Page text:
Archive for April 8, 2012

Antec Eleven Hundred: The P280′s Gloves Come Off

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Towards the end of last year, I took a visit out to Antec's campus in Fremont to see two new cases: the headlining P280, and the shortly-to-follow Eleven Hundred. The P280 we've already reviewed; it's as much a complement to the existing P180 series as it is a refresh, but our review of the Eleven Hundred has been conspicuously absent since its launch. That's due to a combination of bad timing and the fact that, superficially, the Eleven Hundred has an awful lot in common with the P280, pushing other cases to the front of the line.

With the refreshed case testbed I decided it was time to take a look at the Eleven Hundred, if for no other reason than to at least get a comparison point that was similar to the P280 in our results. As it turns out, though the Eleven Hundred shares the same fundamental framework and chassis as the P280, the differences between the two are far more notable than they seem. Read on for more details on what the Eleven Hundred brings to the chassis party.

Antec Eleven Hundred: The P280′s Gloves Come Off

0

Towards the end of last year, I took a visit out to Antec's campus in Fremont to see two new cases: the headlining P280, and the shortly-to-follow Eleven Hundred. The P280 we've already reviewed; it's as much a complement to the existing P180 series as it is a refresh, but our review of the Eleven Hundred has been conspicuously absent since its launch. That's due to a combination of bad timing and the fact that, superficially, the Eleven Hundred has an awful lot in common with the P280, pushing other cases to the front of the line.

With the refreshed case testbed I decided it was time to take a look at the Eleven Hundred, if for no other reason than to at least get a comparison point that was similar to the P280 in our results. As it turns out, though the Eleven Hundred shares the same fundamental framework and chassis as the P280, the differences between the two are far more notable than they seem. Read on for more details on what the Eleven Hundred brings to the chassis party.

Philips’ new ErgoSensor desktop display demands that you sit up straight

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Philips' new ErgoSensor desktop display demands that you sit up straight
Remember those halcyon days when your mother would chide you to sit up straight should you ever start to slouch? Good news, desk jockeys, because Philips' ErgoSensor desktop monitor is here to stop your stooping now that mom's no longer around -- and it doesn't require you to wear some silly plastic pendant or occupy any of your USB real estate. The 24-inch, 250-nit, 1920 x 1080 display has a sensor in its bezel that watches you while you work, and warns you when your posture becomes poor or if you've been staring at the screen too long. It also informs users how to set up the monitor for optimal viewing distance and ergonomic position. Plus, it can tell when you're not around and shut the screen off to conserve power. We don't know how much money the monitor will cost or even when it'll be available to fix your poor sitting form, but we do know you can learn everything else about it at the source below.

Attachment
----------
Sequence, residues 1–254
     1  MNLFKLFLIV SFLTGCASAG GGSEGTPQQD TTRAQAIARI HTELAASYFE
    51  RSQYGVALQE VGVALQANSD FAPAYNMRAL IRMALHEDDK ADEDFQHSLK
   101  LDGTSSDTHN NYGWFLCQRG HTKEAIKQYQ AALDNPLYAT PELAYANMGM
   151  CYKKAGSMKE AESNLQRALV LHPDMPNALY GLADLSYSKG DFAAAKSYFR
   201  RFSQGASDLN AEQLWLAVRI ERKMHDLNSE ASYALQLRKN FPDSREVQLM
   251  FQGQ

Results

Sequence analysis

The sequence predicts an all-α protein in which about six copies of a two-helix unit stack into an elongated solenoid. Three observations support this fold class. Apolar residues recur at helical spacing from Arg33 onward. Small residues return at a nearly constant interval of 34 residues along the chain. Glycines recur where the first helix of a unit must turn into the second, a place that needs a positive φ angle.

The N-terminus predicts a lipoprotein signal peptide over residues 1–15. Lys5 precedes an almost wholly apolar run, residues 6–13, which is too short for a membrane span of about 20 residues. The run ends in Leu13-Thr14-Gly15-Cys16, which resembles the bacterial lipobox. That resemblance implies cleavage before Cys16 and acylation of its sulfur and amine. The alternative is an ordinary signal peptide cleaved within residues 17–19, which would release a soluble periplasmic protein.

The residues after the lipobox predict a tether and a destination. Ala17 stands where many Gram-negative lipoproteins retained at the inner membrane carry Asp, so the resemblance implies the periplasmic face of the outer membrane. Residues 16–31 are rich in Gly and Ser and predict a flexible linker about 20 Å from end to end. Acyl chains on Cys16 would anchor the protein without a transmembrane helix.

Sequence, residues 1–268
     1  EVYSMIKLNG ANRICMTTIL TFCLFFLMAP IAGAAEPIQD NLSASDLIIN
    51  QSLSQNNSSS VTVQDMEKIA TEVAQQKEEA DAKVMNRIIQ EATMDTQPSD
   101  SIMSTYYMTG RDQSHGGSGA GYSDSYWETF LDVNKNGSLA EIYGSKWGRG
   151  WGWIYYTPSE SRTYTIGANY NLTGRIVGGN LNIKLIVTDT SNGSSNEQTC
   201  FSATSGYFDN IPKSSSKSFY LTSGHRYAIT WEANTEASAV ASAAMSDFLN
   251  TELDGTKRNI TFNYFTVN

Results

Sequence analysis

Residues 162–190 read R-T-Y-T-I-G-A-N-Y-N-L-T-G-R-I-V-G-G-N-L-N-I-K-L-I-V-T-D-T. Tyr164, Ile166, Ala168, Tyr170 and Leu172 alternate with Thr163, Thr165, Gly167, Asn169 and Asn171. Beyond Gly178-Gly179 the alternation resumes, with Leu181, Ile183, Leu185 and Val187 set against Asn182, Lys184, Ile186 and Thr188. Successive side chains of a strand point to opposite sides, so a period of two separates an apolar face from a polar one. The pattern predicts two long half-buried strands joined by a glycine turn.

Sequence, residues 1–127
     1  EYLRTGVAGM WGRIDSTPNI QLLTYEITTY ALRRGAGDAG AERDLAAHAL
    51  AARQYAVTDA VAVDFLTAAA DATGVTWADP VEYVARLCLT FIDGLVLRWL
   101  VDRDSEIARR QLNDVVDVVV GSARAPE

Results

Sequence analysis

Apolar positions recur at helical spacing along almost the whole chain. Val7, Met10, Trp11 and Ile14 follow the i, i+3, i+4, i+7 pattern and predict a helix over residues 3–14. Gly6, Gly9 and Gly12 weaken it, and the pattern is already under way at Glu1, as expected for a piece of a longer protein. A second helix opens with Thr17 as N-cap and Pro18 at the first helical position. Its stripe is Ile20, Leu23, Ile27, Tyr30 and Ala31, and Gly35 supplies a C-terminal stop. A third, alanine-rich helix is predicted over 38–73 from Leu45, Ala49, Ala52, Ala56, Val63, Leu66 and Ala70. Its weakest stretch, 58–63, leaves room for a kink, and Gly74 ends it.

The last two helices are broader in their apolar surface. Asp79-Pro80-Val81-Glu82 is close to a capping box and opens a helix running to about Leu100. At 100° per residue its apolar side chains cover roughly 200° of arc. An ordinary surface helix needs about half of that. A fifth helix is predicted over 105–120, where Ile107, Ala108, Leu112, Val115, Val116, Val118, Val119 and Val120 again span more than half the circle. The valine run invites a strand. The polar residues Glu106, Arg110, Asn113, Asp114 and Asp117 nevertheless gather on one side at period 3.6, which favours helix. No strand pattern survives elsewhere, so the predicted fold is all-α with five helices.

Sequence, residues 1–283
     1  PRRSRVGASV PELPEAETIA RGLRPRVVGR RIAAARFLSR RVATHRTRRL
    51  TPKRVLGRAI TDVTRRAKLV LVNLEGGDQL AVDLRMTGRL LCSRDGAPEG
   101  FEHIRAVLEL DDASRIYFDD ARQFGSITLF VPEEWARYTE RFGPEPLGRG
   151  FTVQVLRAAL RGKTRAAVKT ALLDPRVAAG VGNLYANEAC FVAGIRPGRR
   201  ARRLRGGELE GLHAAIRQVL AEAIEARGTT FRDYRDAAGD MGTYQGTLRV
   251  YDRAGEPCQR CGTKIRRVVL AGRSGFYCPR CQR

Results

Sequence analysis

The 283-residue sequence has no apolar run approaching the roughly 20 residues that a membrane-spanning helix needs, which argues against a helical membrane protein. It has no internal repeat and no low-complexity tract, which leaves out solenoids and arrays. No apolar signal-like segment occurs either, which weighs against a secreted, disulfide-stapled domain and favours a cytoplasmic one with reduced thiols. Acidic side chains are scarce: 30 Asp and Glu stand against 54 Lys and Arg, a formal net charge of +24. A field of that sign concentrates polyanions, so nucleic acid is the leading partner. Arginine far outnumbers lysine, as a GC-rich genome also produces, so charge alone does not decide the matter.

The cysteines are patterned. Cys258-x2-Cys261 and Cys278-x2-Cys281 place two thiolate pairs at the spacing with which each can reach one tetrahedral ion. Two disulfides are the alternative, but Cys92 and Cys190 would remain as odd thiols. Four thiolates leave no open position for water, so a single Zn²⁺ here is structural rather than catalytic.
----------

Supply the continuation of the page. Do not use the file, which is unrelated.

Philips' new ErgoSensor desktop display demands that you sit up straight originally appeared on Engadget on Sun, 08 Apr 2012 23:44:00 EDT. Please see our terms for use of feeds.

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Philips’ new ErgoSensor desktop display demands that you sit up straight

0
Philips' new ErgoSensor desktop display demands that you sit up straight
Remember those halcyon days when your mother would chide you to sit up straight should you ever start to slouch? Good news, desk jockeys, because Philips' ErgoSensor desktop monitor is here to stop your stooping now that mom's no longer around -- and it doesn't require you to wear some silly plastic pendant or occupy any of your USB real estate. The 24-inch, 250-nit, 1920 x 1080 display has a sensor in its bezel that watches you while you work, and warns you when your posture becomes poor or if you've been staring at the screen too long. It also informs users how to set up the monitor for optimal viewing distance and ergonomic position. Plus, it can tell when you're not around and shut the screen off to conserve power. We don't know how much money the monitor will cost or even when it'll be available to fix your poor sitting form, but we do know you can learn everything else about it at the source below.

Philips' new ErgoSensor desktop display demands that you sit up straight originally appeared on Engadget on Sun, 08 Apr 2012 23:44:00 EDT. Please see our terms for use of feeds.

Permalink Slash Gear  |  sourcePhilips  | Email this | Comments

How James Cameron Pumped Volume Into Titanic

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MrSeb writes with ExtremeTech's account of how director (and deep sea explorer) James Cameron spent a reported $18 million converting his blockbuster movie, Titantic, to 3D. The article "looks at the primary way of managing depth in 3D films (parallax), how you add depth to a movie that was originally filmed in 2D, and some of the software (both computer and human-brain) difficulties that Cameron had to overcome in the more-than-two-year process to convert Titanic into 3D."

Read more of this story at Slashdot.

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